It's also worth bearing in mind that not all patients were effected - in fact, fewer than half showed a drop in day-2 AT, with the rest basically the same on both days, or even increasing slightly (most of these instead showed a drop in day-2 VO2.max). See panel A in the figure from the published paper:
http://www.translational-medicine.com/content/12/1/104/figure/F4

I think the 2-day CPETs give us some of the most striking results seen in studying mecfs to date and need to be pursued in much bigger studies (as Betsy Keller argues in her paper), but I also think we need to be careful in interpreting the data. Particularly as to whether 2-day CPET tests reflect what happens in 'normal' PEM brought on by more typical activities.
 

MeSci

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I'm not sure I quite buy the logic of this point. Certainly the effect of a 2-day CPET in reducing performance is striking, and the day-2 AT levels are at the levels where normal daily activities are likely to go beyond anaerobic limits. However, I don't think you can say that normal PEM will have the same effect on AT (anaerobic threshold) as cycling to exhaustion. Most patients get PEM way below pushing to total exhaustion, one reason the illness is so hard to manage. The Light's gene expression study using moderate exercise provoked PEM, but would moderate physical exercise - or even cognitive exertion provoking PEM - also cause AT to fall in the same way as a maximal cycling test? I don't think we can say from the evidence in this paper.

I think what would be needed would be:
- initial test to establish AT; you can't measure AT on the fly so this might need to be the full max test
- at a later date retesting patients on a day they have PEM not brought on by a max test
One possibility (not sure it would work) would be say, a 70% max heart-rate CPET (ie sub-maximal) to provoke PEM and measure AT, followed by a maximal CPET next day: would the results be the same on day 2 after a sub-maximal test on day 1?

It's also worth bearing in mind that not all patients were effected - in fact, fewer than half showed a drop in day-2 AT, with the rest basically the same on both days, or even increasing slightly (most of these instead showed a drop in day-2 VO2.max). See panel A in the figure from the published paper:
http://www.translational-medicine.com/content/12/1/104/figure/F4
Is that the same study? The one in @Dolphin's info says that VO2 peak/max decreased by 13.5%, whereas the published study says 13.8%, HRmax/peak decreased by 8 bpm vs. 9 bpm, and Wmax/peak by 9.4% vs. 12.5%, if I have read/understood right (brain a bit sub-optimal at moment).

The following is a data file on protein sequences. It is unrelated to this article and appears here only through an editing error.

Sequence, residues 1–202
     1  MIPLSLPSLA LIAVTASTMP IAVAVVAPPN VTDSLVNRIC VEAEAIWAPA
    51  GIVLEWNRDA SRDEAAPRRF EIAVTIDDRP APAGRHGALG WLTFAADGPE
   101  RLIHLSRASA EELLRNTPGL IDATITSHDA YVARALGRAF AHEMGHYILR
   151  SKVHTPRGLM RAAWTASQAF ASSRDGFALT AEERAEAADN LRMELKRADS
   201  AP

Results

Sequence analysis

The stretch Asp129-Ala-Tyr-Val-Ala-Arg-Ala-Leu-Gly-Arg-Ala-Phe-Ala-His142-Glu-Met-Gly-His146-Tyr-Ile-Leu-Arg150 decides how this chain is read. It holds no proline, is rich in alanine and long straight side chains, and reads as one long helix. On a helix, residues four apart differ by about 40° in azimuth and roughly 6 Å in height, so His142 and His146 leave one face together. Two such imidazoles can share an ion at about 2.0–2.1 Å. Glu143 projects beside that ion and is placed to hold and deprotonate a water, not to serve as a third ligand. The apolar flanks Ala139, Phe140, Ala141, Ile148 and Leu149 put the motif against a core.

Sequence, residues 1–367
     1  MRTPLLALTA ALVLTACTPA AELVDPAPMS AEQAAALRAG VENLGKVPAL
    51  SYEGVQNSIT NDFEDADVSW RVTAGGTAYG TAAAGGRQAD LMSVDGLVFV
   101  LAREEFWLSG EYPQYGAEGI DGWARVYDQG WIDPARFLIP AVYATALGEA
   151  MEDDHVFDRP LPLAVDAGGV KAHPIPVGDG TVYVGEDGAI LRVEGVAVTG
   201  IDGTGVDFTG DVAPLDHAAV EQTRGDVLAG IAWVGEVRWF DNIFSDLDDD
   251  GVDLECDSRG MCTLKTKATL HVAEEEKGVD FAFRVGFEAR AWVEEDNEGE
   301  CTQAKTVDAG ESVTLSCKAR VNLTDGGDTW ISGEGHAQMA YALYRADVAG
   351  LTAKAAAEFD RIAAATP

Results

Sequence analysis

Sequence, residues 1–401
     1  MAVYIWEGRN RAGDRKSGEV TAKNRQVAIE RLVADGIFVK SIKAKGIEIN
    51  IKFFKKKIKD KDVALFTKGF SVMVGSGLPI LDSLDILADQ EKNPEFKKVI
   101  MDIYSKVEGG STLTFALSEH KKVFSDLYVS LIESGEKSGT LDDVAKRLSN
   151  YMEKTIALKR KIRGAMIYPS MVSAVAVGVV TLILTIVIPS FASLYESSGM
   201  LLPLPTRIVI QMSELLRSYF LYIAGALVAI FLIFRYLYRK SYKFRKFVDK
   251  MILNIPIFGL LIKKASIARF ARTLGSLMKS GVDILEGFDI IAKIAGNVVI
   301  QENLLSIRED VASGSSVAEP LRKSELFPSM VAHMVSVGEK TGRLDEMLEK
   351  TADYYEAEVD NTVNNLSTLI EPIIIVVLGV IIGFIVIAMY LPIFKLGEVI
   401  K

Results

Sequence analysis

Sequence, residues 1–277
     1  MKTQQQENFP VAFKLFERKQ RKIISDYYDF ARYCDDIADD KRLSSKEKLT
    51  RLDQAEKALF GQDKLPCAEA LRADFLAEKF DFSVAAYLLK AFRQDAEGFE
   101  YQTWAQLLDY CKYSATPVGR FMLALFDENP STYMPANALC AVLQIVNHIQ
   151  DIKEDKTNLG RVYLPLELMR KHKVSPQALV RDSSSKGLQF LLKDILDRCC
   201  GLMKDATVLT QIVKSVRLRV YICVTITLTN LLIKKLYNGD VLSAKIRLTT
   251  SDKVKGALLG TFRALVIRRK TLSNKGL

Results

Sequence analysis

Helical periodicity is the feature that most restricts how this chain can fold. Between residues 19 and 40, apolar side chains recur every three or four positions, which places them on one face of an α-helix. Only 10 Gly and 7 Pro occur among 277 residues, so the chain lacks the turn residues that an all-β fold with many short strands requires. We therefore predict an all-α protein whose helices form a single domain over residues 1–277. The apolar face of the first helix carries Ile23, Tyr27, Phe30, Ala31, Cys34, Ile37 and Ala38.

Tom Kindlon

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IACFS/ME Conference 2014 abstract

Reproducibility of Measurements Obtained During Cardiopulmonary Exercise Testing in Individuals With and Without Fatiguing Health Conditions: A Case Series

Benjamin M. Larson 1 , Todd E. Davenport 1,2 , Staci R. Stevens 2 , J. Mark Van Ness 1,2 , Christopher R. Snell 1,2,

1 University of the Pacific, Stockton, CA, USA
2 Workwell Foundation, Ripon, CA, USA

Purpose:

The reproducibility of measurements obtained during cardiopulmonary exercise testing (CPET) is a longstanding tenet of exercise physiology.

However, test-retest variation in CPET measures may be higher for individuals with chronic fatigue syndrome (CFS), which could explain the characteristic functional deficits of post-exertional malaise.

The purpose of this case series was to demonstrate the potential variability of test-retest CPET measurements in individuals with and without fatiguing health conditions.

Case Descriptions:

Subjects (n=7) who were matched to age, body mass index, and gender received 2 maximal CPETs 24 hours apart.

Cardiovascular, respiratory, and metabolic measurements were taken at both peak exertion and ventilatory threshold (VT).

Standard criteria were used to verify a maximal test took place.

Diagnoses included sedentary but non-disabled individuals (n=2), an active and non-disabled individual (n=1), multiple sclerosis (MS; n=1), human immunodeficiency virus (HIV; n=1), an individual with CFS who was low-functioning (n=1; Test 1 peak volume of oxygen [VO2]: 17.2 mL/kg/min), and an individual with CFS who was high-functioning (n=1; Test 1 peak VO2: 33.9 mL/kg/min).

Outcomes:

Subjects ranged in age from 33-46 years, and BMI ranged from 21.1-25.7.

Test-retest CPET measurement variability for most peak variables including oxygen consumption (VO2), workload (WL), heart rate (HR), and ventilation (VE) largely were reproduced, or even increased, between Test 1 and Test 2. However, both individuals with CFS showed significant decreases.

The low-functioning individual with CFS demonstrated decreases of 16%, 67%, and 9%, and 19% in VO2, WL, HR, and VE at VT, respectively.

The high-functioning individual with CFS showed decreases of 30%, 33%, and 14%, and 9% in VO2, WL, HR, and VE at VT, respectively.

Conclusions:

Variability in submaximal cardiac, pulmonary, and metabolic performance may be responsible for the waxing and waning symptoms and activity limitations in individuals with CFS.

The findings of this case study merit further verification in the context of adequately-powered measurement validation studies that compare test-retest CPET measurement characteristics across fatiguing health conditions.

Benjamin M. Larson is doctoral student in physical therapy, University of the Pacific, Department of Physical Therapy, 3601 Pacific Avenue, Stockton, California. Email address: b_larson2@u.pacific.edu.